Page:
At 78 for 5 in the 14th over, Cosmos had been there before and looked anything but wobbled as they were still drenched from the well of confidence garnered from their previous victories and that of the semi final, and growing from strength to strength. When the irrepressible Zamin Amin, one of the most disciplined cricketers on the scene, got the nod from Sham and walked to the crease, ahead of the already padded batsmen, he didn’t needed an invitation to score runs. He immediately shifted gears to ensure that there was no extended period of silence as Cosmos total raced to 102 runs by the 17th over. The opposition was now powerless to react to Cosmos’s march. And long before the final indignity the opposition had already blow their chances to salvage some pride from this final as the gaps in their field were picked at will. When Amin tapped Dennison Thomas for six over mid wicket with a stroke of superior dismissiveness, cosmos boys had delivered a shocking retort and suddenly looked invincible. However, there appeared to be plenty of needles in this match with about eight or so x-cosmos on the opposition, but the final result was trouncing blow to the mid section that knocked the final winds out of a stunned opposition and practically dismissed the entire pre match touting. It was hard to envisage that such a transformation was taking place in front of an opposition that sported a wealth of talent and experience, but that was not enough to match the sum of Cosmos parts.
Cosmos camp was few but strong, and just like that in just one season; Cosmos has rewritten its history and managed to regain their reputation as a team and not just a collection of players. Two patented expressions, in particular, filled Cosmos camp; that of Cosmos hardworking cricket manager Nathan Henderson who proudly wore his trademark smile. While the Metropolitan Cricket League Challenge Cup Champions Progressive manager, Jeff James, was an inspiration to the youngsters as he stood in Cosmos’s corner from the beginning of the tournament. He told the boys that he will be at the park before the “birds wake up.” He sported his usual sober expression to the end, even though, he had pepped the boys with “there is no way that that team can beat Cosmos the way we are playing.” Cosmos turn to Rudyard Kipling as he once nourished the mind “East is East, and West is West, and never the twain shall meet.” Cosmos was at home turf under gathering clouds, and the once contemptuous dominance that the opposition enjoyed in early summer was now reversed and has faded faster than the setting sun under the brilliance of a well knitted Cosmos team.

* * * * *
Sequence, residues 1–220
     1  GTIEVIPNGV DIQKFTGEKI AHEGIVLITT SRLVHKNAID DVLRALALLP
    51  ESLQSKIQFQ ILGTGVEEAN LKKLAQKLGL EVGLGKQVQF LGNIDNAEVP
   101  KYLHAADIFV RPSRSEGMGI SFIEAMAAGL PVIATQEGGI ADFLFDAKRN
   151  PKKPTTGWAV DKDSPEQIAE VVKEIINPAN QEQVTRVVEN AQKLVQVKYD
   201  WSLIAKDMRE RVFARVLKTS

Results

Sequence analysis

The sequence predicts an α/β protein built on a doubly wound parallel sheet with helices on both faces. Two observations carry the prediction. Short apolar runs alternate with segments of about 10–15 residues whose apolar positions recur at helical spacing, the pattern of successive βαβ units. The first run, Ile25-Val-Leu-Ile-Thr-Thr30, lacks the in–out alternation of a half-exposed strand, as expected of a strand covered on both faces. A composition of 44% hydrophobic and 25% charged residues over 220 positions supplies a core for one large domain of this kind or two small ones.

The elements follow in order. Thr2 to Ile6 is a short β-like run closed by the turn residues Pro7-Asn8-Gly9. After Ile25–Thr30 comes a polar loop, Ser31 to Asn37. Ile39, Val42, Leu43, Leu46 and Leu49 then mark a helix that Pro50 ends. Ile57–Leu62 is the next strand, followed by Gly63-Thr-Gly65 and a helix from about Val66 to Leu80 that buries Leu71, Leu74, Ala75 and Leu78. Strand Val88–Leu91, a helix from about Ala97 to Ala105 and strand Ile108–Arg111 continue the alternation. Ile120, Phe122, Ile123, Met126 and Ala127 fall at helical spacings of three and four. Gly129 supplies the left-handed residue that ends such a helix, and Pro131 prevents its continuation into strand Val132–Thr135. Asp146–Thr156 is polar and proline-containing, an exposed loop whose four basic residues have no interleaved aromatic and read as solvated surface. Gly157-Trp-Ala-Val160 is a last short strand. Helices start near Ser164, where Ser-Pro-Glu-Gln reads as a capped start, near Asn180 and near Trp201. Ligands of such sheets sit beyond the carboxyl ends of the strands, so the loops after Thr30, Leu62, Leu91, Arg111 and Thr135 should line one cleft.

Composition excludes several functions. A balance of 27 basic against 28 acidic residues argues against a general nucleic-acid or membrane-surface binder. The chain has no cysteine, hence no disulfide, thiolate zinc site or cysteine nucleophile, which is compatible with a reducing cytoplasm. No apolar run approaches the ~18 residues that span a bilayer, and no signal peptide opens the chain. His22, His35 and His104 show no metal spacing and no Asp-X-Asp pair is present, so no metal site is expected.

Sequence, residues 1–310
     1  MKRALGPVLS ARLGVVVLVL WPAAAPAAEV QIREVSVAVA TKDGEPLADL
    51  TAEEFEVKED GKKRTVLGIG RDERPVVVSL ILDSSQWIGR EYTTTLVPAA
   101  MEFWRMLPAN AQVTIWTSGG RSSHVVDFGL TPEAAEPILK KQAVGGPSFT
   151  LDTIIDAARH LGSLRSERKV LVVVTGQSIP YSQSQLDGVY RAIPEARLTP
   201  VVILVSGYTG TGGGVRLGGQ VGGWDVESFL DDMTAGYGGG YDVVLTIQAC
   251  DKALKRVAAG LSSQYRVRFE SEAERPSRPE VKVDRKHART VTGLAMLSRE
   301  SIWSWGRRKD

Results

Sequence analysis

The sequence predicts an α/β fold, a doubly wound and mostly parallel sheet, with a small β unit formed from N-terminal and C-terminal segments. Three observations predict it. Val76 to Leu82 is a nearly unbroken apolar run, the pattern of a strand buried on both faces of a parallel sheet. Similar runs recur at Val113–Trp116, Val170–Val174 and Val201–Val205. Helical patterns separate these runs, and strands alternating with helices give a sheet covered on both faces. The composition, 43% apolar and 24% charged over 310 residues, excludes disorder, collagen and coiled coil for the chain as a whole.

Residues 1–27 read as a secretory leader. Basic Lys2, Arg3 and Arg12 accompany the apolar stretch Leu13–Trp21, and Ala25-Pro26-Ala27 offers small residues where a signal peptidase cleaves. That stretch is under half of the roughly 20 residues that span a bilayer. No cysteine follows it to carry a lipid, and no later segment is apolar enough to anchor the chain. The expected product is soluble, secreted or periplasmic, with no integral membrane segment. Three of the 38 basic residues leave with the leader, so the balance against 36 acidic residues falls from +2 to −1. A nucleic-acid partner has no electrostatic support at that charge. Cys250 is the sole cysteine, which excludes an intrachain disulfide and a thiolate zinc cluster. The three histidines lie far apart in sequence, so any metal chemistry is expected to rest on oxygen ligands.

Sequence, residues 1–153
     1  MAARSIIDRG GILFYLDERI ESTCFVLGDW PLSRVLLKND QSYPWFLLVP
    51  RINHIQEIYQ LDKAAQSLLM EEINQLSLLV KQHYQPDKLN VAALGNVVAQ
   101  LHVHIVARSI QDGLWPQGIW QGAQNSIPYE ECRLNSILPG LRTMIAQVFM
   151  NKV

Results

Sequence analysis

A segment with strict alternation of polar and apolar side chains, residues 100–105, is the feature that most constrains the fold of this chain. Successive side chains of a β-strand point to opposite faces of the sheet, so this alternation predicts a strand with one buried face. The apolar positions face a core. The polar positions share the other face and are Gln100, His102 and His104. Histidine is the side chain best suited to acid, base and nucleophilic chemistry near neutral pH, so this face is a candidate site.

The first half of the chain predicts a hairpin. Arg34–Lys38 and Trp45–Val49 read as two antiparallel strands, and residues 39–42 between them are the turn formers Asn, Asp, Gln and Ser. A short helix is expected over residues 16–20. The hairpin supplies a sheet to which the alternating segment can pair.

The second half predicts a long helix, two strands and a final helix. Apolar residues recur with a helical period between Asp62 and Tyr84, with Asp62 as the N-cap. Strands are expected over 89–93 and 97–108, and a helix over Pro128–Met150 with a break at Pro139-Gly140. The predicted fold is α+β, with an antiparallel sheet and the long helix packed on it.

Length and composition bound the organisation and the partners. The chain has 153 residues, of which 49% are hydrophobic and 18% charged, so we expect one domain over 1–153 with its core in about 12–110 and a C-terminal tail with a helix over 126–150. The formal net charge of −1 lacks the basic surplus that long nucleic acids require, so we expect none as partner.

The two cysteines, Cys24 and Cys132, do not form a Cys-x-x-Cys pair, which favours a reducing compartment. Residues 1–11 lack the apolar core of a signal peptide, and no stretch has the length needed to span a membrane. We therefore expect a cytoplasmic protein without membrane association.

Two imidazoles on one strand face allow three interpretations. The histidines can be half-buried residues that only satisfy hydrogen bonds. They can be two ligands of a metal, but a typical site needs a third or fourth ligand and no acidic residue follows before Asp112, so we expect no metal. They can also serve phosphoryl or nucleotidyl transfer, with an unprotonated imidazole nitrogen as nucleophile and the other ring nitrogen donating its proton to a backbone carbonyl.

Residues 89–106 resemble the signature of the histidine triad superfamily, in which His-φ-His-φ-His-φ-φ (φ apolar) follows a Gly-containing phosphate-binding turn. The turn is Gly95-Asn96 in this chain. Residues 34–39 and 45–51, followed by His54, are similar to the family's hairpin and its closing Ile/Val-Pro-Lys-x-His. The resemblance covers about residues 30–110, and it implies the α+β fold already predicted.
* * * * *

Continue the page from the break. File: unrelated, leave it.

Cosmos camp was buzzing although they were without the services of their two belligerent opening batsmen, Dehan Siddique and Faizal Taj. Shaun George had padded to bat at #4, but was still in waiting. The hard hitting Rasheem tapping his bat on his pads but couldn’t to get a piece of the action after his heroics in the preliminary nail bitters, and the experience finisher Sham was waiting in the wings, as always. While Ricky Kissoon, who had done his job with the new ball, had already packed his bag knowing that it will be over soon, even though, Haraldo Marshall and Keith Edie was eager to run for him. Ganesh then went via lbw and George finally made his way to the crease and immediately celebrated his first ball with a savage carve to the extra cover boundary the high fives, hugs and congratulations came from all around, Hussain Rana came over and hugged the boys, “you boys played well.” When Amin (25 n.o.) leveled the score with the first ball of the 19th over and then blazed the point boundary Cosmos boys had picked off their target with aplomb. It was clear that this was a momentous achievement for Cosmos with 8 balls to spare. And on this occasion the underdogs were all class and gracious as they packed their bags, sported their colors and lifted the crown with an unflappable portrait that COSMOS BOYS ARE CHAMPIONS.